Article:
Importance: Diagnostic coronary angiography in asymptomatic patients may lead to inappropriate percutaneous coronary intervention (PCI) due to a diagnostic-therapeutic cascade. Understanding the association between patient selection for coronary angiography and PCI appropriateness may inform strategies to minimize inappropriate procedures.
Objective: To determine if hospitals that frequently perform coronary angiography in asymptomatic patients, a clinical scenario in which the benefit of angiography is less clear, are more likely to perform inappropriate PCI.
Design, setting, and participants: Multicenter observational study of 544 hospitals participating in the CathPCI Registry between July 1, 2009, and September 30, 2013.
Main outcomes and measures: Hospital proportion of asymptomatic patients at diagnostic coronary angiography and hospital rate of inappropriate PCI as defined by 2012 appropriate use criteria for coronary revascularization.
Results: Of 1 225 562 patients who underwent elective coronary angiography, 308 083 (25.1%) were asymptomatic. The hospital proportion of angiography among asymptomatic patients ranged from 1.0% to 73.6% (median, 24.7%; interquartile range, 15.9%-35.9%). By hospital quartile of asymptomatic patients at angiography, hospitals with higher rates of asymptomatic patients at angiography had higher median rates of inappropriate PCI (14.8% vs 20.2% vs 24.0 vs 29.4% from lowest to highest quartile, P < .001 for trend). This outcome was attributable to more frequent use of inappropriate PCI in asymptomatic patients at hospitals with higher rates of angiography in asymptomatic patients (5.4% vs 9.9% vs 14.7% vs 21.6% from lowest to highest quartile, P < .001 for trend). Hospitals with higher rates of asymptomatic patients at angiography also had lower rates of appropriate PCI (38.7% vs 33.0% vs 32.3% vs 32.9% from lowest to highest quartile, P < .001 for trend).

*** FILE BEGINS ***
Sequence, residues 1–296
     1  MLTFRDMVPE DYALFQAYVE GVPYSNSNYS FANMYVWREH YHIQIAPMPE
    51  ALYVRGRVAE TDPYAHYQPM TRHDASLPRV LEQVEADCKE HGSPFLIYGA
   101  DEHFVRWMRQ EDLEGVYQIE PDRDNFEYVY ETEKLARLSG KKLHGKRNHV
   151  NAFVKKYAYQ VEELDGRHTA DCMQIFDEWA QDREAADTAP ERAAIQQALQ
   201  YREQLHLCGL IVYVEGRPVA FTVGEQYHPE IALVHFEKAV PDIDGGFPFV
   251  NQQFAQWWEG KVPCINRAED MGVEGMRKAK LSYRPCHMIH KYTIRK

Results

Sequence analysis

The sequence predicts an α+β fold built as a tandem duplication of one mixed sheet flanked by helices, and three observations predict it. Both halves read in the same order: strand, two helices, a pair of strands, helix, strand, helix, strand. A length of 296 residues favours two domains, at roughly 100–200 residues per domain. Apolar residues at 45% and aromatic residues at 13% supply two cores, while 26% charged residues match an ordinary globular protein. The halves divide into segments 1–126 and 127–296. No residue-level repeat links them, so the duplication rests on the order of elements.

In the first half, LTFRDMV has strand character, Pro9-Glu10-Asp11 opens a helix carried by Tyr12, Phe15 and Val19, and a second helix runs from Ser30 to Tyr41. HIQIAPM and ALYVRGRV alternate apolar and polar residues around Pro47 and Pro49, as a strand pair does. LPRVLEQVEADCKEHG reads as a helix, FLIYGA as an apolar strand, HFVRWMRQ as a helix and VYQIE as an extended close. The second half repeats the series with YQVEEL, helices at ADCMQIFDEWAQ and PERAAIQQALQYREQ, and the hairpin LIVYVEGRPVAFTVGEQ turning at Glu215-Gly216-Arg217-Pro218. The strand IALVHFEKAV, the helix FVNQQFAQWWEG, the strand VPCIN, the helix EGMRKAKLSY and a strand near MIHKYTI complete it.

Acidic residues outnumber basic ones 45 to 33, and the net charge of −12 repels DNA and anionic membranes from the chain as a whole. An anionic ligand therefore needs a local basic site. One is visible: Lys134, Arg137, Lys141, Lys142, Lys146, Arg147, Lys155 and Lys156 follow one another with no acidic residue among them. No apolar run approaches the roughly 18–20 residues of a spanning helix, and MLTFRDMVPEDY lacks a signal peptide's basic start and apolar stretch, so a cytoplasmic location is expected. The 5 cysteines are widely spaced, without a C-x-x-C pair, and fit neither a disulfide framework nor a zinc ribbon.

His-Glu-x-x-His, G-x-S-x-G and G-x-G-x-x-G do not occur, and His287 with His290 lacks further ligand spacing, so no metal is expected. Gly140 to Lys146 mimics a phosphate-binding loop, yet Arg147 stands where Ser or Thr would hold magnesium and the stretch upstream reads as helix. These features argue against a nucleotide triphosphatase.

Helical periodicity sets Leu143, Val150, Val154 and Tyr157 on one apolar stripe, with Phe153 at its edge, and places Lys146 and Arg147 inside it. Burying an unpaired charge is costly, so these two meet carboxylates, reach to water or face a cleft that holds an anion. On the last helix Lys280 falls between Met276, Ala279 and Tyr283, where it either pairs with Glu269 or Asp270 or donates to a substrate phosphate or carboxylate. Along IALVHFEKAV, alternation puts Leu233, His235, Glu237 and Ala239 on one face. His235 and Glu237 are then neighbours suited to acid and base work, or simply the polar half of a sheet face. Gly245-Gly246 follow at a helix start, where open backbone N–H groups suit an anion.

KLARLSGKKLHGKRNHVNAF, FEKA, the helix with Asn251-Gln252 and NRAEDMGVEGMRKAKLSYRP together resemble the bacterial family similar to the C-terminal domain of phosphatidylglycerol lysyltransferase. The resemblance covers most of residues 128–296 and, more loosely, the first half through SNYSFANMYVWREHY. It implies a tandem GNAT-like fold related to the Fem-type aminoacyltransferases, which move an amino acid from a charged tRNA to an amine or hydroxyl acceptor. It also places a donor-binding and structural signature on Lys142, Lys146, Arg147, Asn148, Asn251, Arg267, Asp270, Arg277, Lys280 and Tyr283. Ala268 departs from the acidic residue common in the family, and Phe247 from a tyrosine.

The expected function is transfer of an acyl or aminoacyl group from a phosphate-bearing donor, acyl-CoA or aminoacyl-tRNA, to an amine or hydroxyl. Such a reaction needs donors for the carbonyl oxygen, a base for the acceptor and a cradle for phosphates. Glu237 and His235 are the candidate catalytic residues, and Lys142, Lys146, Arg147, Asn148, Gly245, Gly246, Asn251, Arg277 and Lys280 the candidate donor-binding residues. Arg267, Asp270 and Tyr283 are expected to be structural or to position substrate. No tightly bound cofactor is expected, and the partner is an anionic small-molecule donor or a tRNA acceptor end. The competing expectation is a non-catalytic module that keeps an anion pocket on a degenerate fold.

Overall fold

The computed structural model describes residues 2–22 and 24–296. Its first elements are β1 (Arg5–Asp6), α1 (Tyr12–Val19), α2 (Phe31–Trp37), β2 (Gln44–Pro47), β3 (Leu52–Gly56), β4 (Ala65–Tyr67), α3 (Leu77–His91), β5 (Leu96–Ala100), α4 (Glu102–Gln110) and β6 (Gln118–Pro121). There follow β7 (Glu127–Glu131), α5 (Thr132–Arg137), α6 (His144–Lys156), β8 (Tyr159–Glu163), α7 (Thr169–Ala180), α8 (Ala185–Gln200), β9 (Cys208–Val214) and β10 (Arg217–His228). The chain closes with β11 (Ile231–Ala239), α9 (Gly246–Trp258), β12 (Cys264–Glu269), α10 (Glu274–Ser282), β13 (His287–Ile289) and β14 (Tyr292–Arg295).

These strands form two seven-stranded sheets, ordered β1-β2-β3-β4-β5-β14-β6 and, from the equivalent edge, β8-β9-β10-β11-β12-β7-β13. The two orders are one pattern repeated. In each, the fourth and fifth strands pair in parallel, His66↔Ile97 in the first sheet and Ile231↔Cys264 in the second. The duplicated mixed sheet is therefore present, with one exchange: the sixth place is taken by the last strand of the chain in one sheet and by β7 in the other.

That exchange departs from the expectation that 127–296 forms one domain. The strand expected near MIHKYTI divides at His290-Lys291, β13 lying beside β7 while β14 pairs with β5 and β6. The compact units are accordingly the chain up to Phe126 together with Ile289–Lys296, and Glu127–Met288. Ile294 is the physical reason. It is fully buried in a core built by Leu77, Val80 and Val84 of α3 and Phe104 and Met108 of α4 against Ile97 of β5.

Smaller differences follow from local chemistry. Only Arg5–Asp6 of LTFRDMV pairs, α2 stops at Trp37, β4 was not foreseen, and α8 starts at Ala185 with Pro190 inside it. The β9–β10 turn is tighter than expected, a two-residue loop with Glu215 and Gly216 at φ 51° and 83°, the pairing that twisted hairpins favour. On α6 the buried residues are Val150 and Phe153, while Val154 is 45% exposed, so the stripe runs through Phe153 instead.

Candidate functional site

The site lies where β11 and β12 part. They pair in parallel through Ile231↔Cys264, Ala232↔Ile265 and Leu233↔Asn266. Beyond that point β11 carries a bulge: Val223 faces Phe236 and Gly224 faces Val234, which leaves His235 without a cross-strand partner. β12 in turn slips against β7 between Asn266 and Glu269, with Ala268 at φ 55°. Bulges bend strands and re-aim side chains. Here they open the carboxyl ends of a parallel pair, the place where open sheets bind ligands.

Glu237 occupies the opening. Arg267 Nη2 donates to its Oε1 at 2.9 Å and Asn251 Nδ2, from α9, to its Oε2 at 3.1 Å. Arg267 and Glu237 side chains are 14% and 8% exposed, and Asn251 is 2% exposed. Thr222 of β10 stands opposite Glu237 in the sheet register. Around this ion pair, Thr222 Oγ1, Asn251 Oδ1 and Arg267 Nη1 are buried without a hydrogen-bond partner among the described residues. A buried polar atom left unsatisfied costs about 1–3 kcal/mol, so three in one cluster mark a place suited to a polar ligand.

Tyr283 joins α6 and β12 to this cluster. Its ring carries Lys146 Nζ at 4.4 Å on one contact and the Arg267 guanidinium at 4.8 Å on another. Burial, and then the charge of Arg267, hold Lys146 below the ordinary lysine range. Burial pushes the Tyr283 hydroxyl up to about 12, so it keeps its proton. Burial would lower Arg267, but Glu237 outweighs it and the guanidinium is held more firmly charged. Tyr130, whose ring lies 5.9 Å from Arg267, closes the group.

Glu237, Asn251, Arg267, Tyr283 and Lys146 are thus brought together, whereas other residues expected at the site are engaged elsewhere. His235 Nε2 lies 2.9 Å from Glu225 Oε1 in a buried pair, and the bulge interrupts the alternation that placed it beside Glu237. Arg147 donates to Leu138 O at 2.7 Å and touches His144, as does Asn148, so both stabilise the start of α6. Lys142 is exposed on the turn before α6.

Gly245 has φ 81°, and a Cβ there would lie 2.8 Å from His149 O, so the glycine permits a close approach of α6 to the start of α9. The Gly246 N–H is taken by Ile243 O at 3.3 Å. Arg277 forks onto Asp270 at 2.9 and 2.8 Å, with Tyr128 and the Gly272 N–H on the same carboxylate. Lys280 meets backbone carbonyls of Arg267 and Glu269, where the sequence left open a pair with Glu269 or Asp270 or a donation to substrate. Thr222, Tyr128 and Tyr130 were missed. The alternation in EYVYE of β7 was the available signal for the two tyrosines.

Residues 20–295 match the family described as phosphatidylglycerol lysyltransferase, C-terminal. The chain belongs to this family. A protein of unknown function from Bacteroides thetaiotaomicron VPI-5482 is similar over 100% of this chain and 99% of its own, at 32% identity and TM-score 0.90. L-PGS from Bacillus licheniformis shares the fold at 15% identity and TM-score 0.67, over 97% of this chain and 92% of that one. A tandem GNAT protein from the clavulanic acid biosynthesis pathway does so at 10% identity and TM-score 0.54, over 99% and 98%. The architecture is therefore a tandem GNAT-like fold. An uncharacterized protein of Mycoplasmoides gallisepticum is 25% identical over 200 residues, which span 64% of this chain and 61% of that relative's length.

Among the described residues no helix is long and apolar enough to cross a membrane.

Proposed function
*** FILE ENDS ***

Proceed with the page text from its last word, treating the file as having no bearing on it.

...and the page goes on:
Conclusions and relevance: In a national sample of hospitals, performance of coronary angiography in asymptomatic patients was associated with higher rates of inappropriate PCI and lower rates of appropriate PCI. Improving preprocedural risk stratification and thresholds for coronary angiography may be one strategy to improve the appropriateness of PCI.